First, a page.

Sign up for our daily briefing

Make your busy days simpler with Axios AM/PM. Catch up on what's new and why it matters in just 5 minutes.

Please enter a valid email.

Please enter a valid email.

Subscription failed
Thank you for subscribing!

Catch up on the day's biggest business stories

Subscribe to Axios Closer for insights into the day’s business news and trends and why they matter

Please enter a valid email.

Please enter a valid email.

Subscription failed
Thank you for subscribing!

Stay on top of the latest market trends

Subscribe to Axios Markets for the latest market trends and economic insights. Sign up for free.

Please enter a valid email.

Please enter a valid email.

Subscription failed
Thank you for subscribing!

Sports news worthy of your time

Binge on the stats and stories that drive the sports world with Axios Sports. Sign up for free.

Please enter a valid email.

Please enter a valid email.

Subscription failed
Thank you for subscribing!

Tech news worthy of your time

Get our smart take on technology from the Valley and D.C. with Axios Login. Sign up for free.

Please enter a valid email.

Please enter a valid email.

Subscription failed
Thank you for subscribing!

Get the inside stories

Get an insider's guide to the new White House with Axios Sneak Peek. Sign up for free.

Please enter a valid email.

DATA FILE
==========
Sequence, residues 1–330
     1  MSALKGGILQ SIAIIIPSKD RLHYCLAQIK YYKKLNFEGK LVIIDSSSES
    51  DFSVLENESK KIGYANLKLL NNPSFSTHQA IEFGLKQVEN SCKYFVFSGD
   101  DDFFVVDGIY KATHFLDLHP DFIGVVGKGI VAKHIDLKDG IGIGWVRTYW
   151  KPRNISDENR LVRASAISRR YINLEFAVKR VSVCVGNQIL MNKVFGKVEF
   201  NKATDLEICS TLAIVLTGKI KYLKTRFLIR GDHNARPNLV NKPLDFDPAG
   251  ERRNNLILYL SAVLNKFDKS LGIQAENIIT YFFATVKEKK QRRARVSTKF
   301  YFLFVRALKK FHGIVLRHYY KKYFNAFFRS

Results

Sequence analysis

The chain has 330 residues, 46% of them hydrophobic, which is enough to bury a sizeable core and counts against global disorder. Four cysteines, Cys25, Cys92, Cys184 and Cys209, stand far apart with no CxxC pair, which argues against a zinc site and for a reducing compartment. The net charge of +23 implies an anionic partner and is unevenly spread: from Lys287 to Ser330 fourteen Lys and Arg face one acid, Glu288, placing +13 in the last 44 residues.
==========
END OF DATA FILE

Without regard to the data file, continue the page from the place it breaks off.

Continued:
Please enter a valid email.

Subscription failed
Thank you for subscribing!

Axios on your phone

Get breaking news and scoops on the go with the Axios app.

Download for free.

Catch up on coronavirus stories and special reports, curated by Mike Allen everyday

Catch up on coronavirus stories and special reports, curated by Mike Allen everyday

Please enter a valid email.

Please enter a valid email.

Subscription failed
Thank you for subscribing!

Want a daily digest of the top Denver news?

Get a daily digest of the most important stories affecting your hometown with Axios Denver

Please enter a valid email.

Please enter a valid email.

Subscription failed
Thank you for subscribing!

Want a daily digest of the top Des Moines news?

Get a daily digest of the most important stories affecting your hometown with Axios Des Moines

Please enter a valid email.

Please enter a valid email.

Subscription failed
Thank you for subscribing!

Want a daily digest of the top Twin Cities news?

Get a daily digest of the most important stories affecting your hometown with Axios Twin Cities

Please enter a valid email.

Please enter a valid email.

Subscription failed
Thank you for subscribing!

Want a daily digest of the top Tampa Bay news?